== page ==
Mais loses final appeal to restore five kids’ unilateral conversion to Islam, Federal Court upholds Indira decision where both parents’ consent needed

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KUALA LUMPUR, Jan 26 — The Selangor Islamic Religious Council (Mais) today failed in its final court bid to reinstate the 2015 conversion of five young children to Islam when they were aged in the range of around three and nine years old.

A three-judge panel in the country’s highest court chaired by Chief Justice Tun Tengku Maimun Tuan Mat unanimously ruled in favour of the mother and dismissed the application for leave to appeal filed by both the Mais chairman and the Mais registrar of muallaf or Muslim converts.

“This is our unanimous decision. The application does not meet the threshold of Section 96 of the Courts of Judicature Act for leave to be granted.

“The issue before us has been settled by the decision of this court in M. Indira Gandhi’s case. The courts below were therefore correct in following Indira Gandhi.

“Further the provision of Section 117 of the enactment is very clear that a person who is not Muslim may convert to the religion of Islam if he is of sound mind and attain 18 years or if he has not attain, the mother and father must consent to the conversion.

“The application is therefore dismissed,” Tengku Maimun said.

The Federal Court had earlier heard the submissions from Mais’ lawyer, Mohamed Haniff Khatri Abdulla, and Toh Lee Khim, the lawyer for the children’s mother.

The two other judges on the Federal Court panel today were Datuk Vernon Ong Lam Kiat and Datuk Sri Hasnah Mohammed Hashim.

In Malaysia, those who wish to appeal in a lawsuit to the Federal Court would first have to seek leave to appeal.

In this case, Mais had sought to appeal against a lower court ruling that granted the mother’s (named only as W) application to revoke the conversion of her five children to Islam, made unilaterally by her ex-husband (known as L).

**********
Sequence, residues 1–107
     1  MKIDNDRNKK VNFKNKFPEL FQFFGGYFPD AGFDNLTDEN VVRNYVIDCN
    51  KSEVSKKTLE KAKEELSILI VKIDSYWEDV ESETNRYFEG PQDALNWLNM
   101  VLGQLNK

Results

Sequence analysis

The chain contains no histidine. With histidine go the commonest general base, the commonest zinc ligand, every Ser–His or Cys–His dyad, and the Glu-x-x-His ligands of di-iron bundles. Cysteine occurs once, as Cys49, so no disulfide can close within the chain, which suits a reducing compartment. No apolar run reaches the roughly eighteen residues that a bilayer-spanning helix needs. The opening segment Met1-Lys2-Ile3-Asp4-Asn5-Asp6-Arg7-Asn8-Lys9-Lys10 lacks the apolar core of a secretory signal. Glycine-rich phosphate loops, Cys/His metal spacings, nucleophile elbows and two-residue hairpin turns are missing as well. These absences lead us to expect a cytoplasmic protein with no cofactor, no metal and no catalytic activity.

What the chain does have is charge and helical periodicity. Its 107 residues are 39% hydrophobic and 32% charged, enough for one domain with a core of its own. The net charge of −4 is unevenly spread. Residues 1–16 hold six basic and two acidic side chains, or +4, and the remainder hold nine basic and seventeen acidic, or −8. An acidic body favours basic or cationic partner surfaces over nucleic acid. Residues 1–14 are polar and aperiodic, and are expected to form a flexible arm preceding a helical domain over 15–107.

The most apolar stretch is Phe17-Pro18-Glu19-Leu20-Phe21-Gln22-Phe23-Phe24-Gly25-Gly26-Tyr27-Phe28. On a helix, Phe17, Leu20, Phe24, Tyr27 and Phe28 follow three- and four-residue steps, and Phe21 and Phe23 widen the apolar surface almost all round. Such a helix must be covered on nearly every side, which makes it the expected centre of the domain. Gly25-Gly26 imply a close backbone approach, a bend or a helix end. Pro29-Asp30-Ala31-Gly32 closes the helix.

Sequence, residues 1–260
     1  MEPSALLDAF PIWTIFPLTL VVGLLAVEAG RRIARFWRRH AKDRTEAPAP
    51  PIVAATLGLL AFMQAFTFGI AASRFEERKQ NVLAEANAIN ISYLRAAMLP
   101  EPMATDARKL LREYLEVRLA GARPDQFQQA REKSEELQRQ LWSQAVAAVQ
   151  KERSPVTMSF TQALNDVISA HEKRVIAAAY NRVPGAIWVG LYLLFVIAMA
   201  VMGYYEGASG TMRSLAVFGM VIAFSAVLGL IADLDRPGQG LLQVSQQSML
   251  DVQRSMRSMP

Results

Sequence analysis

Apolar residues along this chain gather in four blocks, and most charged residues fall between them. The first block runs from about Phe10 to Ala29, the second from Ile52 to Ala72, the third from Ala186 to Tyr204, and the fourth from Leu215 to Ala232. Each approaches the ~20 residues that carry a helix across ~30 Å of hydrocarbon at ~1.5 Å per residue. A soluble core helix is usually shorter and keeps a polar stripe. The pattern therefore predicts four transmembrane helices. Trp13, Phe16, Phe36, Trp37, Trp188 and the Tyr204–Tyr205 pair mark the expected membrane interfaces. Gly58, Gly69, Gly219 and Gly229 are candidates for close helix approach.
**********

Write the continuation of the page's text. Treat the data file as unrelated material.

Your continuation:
The father converted the five children, aged between eight and 14, in November 2018 without W’s knowledge and consent.

She only knew that the children had become Muslims after receiving a letter from Mais in August 2019.

The case started on September 6, 2019 when the mother filed a judicial review in the High Court challenging her children’s unilateral conversion to Islam.

She named Mais, the Mais registrar of Muslim converts, the Education Ministry director-general, the government of Malaysia and the father L as the five respondents.

Both the Education Ministry director-general and the government of Malaysia did not object to the case back then.

In the judicial review, the mother sought court orders to quash the children’s conversion and their registration as Muslim converts and for the court to order both Mais and the Selangor registrar of Muslim converts to cancel the children’s registration and remove the children’s registration as Muslim converts from Mais and the registrar’s records.

On July 21, 2020, High Court judge Datuk Seri Tun Abd Majid Tun Hamzah ruled in favour of the mother, deciding that the five children’s conversion to Islam were invalid under a Selangor state law and quashed both their conversion and their registration as Muslim converts.

Among other things, the High Court judge had ruled that the Federal Court’s latest decision in 2018 in Hindu mother M. Indira Gandhi’s case — where it was decided that children’s conversion to Islam need both parents’ consent — was binding.

The case then went on to the Court of Appeal.

And on August 20 last year, an all-Muslim three-judge panel at the Court of Appeal unanimously dismissed the appeal by Mais and the Selangor registrar of muallaf, upholding the High Court decision.

In both the appeal bids to the Court of Appeal and Federal Court, only Mais and the Selangor registrar of muallaf appealed against the decision to quash the children’s unilateral conversion to Islam.

The other three whom the mother first sued — her ex-husband L, the Education Ministry director-general and the government of Malaysia — had not appealed against either the High Court or Court of Appeal decisions even though they remained part of the suit at the Federal Court level.

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